Adam Tracy Explains Swiss Company Setups

Transcribed from:

For the longest time, there was this perception that Swiss banking and everything Swiss was the way to go when it came to offshore. And there was some misconception about that in the sense that everybody tended to think that there was an advantage to the banking, which there was to some degree, which is largely gone. But the real derivation of the benefit and sort of the misnomer of Switzerland as an offshore location is its corporate structures. In particular, the Swiss AG and the Swiss SA, which are in fact the same thing. That’s really where the secrecy and the privacy sort of came from. Switzerland is not an offshore jurisdiction. It’s not a tax haven, there’s actually tax on multiple levels. Multiple levels that we don’t even see in America at the municipal, local and at the canton level.

So, it’s actually taxed, less than the United States, but it’s taxed. It’s not this sort of tax paradise that you may have been thinking it was. But there are significant advantages to incorporation there that relate to privacy. One is the ability to use nominee directors, which you’ll see fairly frequently when you go to incorporate, their nominee directors are sort of the norm.

Two is the use of bearer shares, and for those of you don’t know, bearer shares are effectively shares that have no designation as to the owner. So, the bearer, or the holder, is the owner of that company or the owner of those shares as it were. So, you can see where you’ve got a public company here in the States and you get a certificate, well, your name’s on it. Well, there’s no name on a bearer share. That’s just easily transferable by physically transferring the document, much like a negotiable instrument would be here in the U.S.

And then finally it’s tax treatment. There is some tax advantages. You see a lot of corporations like Philip Morris being one of them, which obviously was partially driven by liability reasons. But another reason they do it is because they set up these holding companies in Switzerland. The advantage of a holding company in Switzerland is the favorable tax treatment that the dividends that the holding company receives. Usually, tax in Switzerland for corporations can range up to 25% on certain dividends, the overwhelming majority of dividends and cautious structuring can make sure you qualify for that exemption can bring your tax treatment down to around 8%. So it’s great for like a holding company structure, especially if you’re working abroad. If you’re operating on an international basis and you want to get that tax structure.

So that’s Switzerland. Now, the question becomes: “I see prices online and it’s expensive.” Well, it is expensive. It is expensive because there’s a lot that goes into it. You need someone on the ground. You need a notary and all that, but the big trick is the paid-in capital. For a Swiss AG or a Swiss SA you’re paid in capitals a 100,000 Swiss francs. And unlike here, when you go to Wyoming and you literally just fill in the paid-in capital of five bucks, whether you have five bucks or not, you actually have to show the paid-in capital. And part of the incorporation process is opening an account in Switzerland, depositing that 100,000 Swiss francs, having a notary notarize a verification from the bank in Switzerland that the money has been received, and then going through the incorporation process.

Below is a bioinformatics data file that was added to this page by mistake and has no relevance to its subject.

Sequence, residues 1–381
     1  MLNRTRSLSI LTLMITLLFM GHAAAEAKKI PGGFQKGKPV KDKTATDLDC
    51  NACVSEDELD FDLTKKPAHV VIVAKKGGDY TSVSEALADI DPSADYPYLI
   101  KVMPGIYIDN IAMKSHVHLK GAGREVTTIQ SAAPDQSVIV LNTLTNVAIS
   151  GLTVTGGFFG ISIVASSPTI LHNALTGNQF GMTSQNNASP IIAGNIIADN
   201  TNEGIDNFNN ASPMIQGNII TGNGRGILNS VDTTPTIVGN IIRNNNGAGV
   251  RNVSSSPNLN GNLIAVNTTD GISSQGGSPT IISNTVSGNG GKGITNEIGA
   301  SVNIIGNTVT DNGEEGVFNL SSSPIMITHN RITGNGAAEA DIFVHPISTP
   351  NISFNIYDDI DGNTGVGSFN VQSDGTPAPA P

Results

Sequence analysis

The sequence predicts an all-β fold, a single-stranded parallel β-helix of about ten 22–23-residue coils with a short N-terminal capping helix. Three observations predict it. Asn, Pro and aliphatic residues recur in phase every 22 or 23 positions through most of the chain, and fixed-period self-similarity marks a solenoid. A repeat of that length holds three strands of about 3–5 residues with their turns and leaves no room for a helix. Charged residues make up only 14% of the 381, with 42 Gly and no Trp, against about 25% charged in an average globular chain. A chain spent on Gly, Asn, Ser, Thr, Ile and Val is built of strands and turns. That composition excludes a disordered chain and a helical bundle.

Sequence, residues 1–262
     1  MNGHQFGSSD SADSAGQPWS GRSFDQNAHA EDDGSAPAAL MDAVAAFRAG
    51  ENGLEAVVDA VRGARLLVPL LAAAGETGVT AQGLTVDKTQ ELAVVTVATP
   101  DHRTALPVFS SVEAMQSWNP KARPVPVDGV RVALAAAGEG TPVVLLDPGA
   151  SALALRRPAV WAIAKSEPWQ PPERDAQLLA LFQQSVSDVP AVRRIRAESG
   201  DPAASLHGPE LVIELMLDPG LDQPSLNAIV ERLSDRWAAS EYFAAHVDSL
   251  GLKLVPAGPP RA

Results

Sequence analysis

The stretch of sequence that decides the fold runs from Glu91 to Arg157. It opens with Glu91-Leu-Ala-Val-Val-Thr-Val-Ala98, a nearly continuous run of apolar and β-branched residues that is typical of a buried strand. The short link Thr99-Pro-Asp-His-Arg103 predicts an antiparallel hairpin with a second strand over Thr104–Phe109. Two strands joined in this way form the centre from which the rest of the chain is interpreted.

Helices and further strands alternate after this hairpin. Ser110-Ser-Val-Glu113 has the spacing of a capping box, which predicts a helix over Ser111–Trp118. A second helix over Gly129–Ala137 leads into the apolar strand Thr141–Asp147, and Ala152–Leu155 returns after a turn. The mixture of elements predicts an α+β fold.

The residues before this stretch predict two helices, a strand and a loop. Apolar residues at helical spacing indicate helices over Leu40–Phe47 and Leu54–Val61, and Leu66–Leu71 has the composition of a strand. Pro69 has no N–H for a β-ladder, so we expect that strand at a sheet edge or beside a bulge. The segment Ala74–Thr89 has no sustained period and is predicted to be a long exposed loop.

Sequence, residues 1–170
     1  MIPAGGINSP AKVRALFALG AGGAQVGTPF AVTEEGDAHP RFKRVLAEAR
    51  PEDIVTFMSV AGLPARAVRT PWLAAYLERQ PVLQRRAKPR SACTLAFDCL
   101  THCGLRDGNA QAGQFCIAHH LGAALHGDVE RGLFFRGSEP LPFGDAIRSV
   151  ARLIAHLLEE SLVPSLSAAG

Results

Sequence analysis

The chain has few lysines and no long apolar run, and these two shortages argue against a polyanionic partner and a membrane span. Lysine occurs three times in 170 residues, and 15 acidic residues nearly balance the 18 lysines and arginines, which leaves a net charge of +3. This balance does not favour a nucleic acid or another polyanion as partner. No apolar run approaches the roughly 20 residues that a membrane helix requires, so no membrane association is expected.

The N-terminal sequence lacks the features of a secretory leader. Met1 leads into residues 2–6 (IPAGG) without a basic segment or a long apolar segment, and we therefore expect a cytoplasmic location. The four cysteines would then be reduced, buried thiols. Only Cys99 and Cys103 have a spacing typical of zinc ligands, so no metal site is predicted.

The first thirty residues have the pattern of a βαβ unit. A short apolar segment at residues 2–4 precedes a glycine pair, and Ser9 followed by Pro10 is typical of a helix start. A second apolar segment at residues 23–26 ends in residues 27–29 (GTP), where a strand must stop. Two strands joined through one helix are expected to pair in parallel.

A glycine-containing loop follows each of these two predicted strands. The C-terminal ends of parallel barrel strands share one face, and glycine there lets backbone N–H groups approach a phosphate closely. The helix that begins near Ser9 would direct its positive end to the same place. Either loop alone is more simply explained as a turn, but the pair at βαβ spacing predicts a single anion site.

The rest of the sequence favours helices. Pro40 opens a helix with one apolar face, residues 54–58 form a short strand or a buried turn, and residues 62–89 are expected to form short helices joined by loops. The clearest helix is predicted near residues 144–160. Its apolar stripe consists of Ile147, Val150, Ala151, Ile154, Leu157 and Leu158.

So it’s very difficult in the sense that you have to have the $100,000 lying around. It’s not as simple as just incorporating in BVI where you pay with a provider $1,500 and you’re done. It’s not like that. You actually have to show your paid-in capital. So, a route that most people will pursue, and it works just as easy, is shelf companies. I usually say shelf companies are scams or some form thereof, especially in the United States because it really doesn’t make any sense, paid and all that kind of crap. You see them all over going for sale and they’re nonsense. But in Switzerland, there is an advantage to it in the sense that you don’t have to pay that paid-in capital, it’s already been paid. It’s already been paid at incorporation, you don’t have to maintain it.

So going back, the shelf companies or the shell companies for Swiss AGs and Swiss SAs are actually beneficial if you’re not looking to have to forward the capital. They’re more expensive from an incorporation standpoint than what you nominally have to pay, but it’s perhaps less than having to come up with the pay in capital that you may not want to. And there’s no requirement that you maintain the pay in capital in the account. It just, it’s a requirement that you have it at some point during the incorporation process. So, it’s an interesting thing.

And you know, another element to Swiss, and there’s a lot of licenses which I’ll get into in another talk, but it’s not part of the EU. It has bilateral treaties with individual companies in the EU and with the EU, but it’s not by itself part of the EU. So licenses don’t necessarily passport as they would in other countries. So it’s an interesting place. But, all your benefit that you would get from operating system really comes from that Swiss AG and that Swiss SA and the privacy elements of it that exist. So definitely hit me up if you have any questions at Adam Tracy, T-R-A-C-Y,.io. Happy to answer any questions and I’ll talk to you later.

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